While I was teaching a children’s literature course for future educators at a local college, my adult students were assigned to read a middle grade book, Sunny Side Up by Jennifer Holm and Matthew Holm. I opened class discussion by asking, “What did you notice? What is worth talking about?” I expected to hear responses about the graphic novel format of the book. I thought they might talk about the story being set in the '70s. Perhaps there would be mention of the story jumping back and forth in time, a device that helps tell the story of Sunny’s summer with her grandpa in Florida while flashing back to the events that led up to her visit.
Instead, one student became emotional and shared how she could relate to Sunny, whose brother is struggling with a drug addiction, because she had lost her brother less than two years earlier to addiction.
Another student chimed in by sharing that she could identify with Sunny’s family, who continuously supported her brother despite his lousy actions while under the influence of drugs. She had a cousin whose addiction to heroin had caused him to put family members through misery over the course of multiple years while he drifted in and out of rehab.
Her comments seemed to open the door for a third student, who confessed he had suffered from a heroin addiction himself for many years before getting clean six years earlier. He claimed that after reading Sunny Side Up, he dropped everything to call family members, including his mother and younger sister, to apologize for what he had put them through. The book had opened his eyes.
Each of these readers had entered the book heart-first, and the emotional responses they shared immediately invited others, whether or not they had personally connected with the story, into a community of readers for which books deeply mattered.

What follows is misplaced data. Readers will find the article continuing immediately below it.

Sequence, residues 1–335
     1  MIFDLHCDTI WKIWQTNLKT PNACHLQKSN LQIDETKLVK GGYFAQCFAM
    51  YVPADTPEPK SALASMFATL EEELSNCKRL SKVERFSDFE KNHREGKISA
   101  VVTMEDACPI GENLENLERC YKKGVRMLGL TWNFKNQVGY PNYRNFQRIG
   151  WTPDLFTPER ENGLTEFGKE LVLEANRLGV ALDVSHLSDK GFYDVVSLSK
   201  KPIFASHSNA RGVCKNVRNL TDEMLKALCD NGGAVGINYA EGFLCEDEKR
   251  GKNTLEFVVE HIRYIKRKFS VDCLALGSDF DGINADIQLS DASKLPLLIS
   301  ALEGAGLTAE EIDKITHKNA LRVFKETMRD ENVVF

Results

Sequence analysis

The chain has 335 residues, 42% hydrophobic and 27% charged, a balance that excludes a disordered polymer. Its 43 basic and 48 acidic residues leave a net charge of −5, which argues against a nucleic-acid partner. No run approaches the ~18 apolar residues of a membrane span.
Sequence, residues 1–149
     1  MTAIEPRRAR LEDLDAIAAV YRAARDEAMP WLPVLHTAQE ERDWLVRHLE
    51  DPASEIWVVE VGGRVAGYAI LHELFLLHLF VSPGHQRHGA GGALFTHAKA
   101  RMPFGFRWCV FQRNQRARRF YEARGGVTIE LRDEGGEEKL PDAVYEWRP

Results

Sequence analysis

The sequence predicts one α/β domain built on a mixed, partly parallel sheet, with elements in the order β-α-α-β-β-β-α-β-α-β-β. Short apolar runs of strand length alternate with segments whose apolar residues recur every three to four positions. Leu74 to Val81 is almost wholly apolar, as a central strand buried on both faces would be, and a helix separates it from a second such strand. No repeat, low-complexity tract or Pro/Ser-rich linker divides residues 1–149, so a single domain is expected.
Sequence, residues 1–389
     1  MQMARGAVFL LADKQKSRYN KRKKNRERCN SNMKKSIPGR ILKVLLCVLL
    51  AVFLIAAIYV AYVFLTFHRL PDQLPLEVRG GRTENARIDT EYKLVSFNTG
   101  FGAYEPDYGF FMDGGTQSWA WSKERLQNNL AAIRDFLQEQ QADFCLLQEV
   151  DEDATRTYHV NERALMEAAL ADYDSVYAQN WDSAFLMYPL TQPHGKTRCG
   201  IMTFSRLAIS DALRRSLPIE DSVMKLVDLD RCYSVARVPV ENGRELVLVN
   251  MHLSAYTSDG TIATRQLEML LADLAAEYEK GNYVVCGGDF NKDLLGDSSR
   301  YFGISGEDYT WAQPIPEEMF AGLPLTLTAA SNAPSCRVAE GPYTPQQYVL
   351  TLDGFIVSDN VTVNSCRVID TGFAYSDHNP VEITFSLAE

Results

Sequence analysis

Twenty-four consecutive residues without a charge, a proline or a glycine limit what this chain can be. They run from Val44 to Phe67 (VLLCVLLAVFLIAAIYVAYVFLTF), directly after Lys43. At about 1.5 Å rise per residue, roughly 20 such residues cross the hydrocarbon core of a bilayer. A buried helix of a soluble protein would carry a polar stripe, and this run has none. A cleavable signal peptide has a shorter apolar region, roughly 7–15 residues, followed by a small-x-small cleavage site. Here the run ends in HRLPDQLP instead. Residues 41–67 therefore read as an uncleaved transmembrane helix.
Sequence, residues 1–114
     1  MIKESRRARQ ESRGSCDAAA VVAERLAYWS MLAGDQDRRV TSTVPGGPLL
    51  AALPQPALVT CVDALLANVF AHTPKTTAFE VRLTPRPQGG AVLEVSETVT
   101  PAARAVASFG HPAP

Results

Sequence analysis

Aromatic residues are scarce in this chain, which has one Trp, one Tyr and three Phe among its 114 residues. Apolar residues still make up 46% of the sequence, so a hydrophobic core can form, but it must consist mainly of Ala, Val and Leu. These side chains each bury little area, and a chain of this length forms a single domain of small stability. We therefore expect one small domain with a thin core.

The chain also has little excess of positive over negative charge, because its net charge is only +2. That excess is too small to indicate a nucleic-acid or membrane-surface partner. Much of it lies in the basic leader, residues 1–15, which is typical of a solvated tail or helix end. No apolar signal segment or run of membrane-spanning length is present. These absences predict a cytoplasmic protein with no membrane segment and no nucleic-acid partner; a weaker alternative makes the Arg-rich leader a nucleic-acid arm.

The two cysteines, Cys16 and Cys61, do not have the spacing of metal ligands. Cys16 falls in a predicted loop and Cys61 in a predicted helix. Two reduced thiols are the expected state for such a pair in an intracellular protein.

Having never worked in a classroom setting with adult learners before, I had been worried about how I might establish a community of readers. It turned out to be exactly like building a community of readers in a classroom with children. All it took was the shared experience of reading and discussing text.
It is that simple: Readers + Text + Conversation = Community.
The success of this simple formula, however, relies largely on meaningful text selection. When choosing a text with the purpose of building (or sustaining) community, here are some things to keep in mind.
When trying to reach a large group of readers with a single text, it is essential to consider the complexity. Selecting a text that is too challenging may isolate less experienced readers. Selecting a text that is far too easy is likely to bore experienced readers. The goal is to find a text all students are interested in and able to access independently.
Graphic novels and books written in verse lend themselves well to engaging a wide range of readers at a variety of experience levels. The vocabulary and storylines tend to remain somewhat sophisticated, and images and/or fewer words on a page offer support for readers who need it. Another option is to offer an audiobook format for readers who prefer an alternative.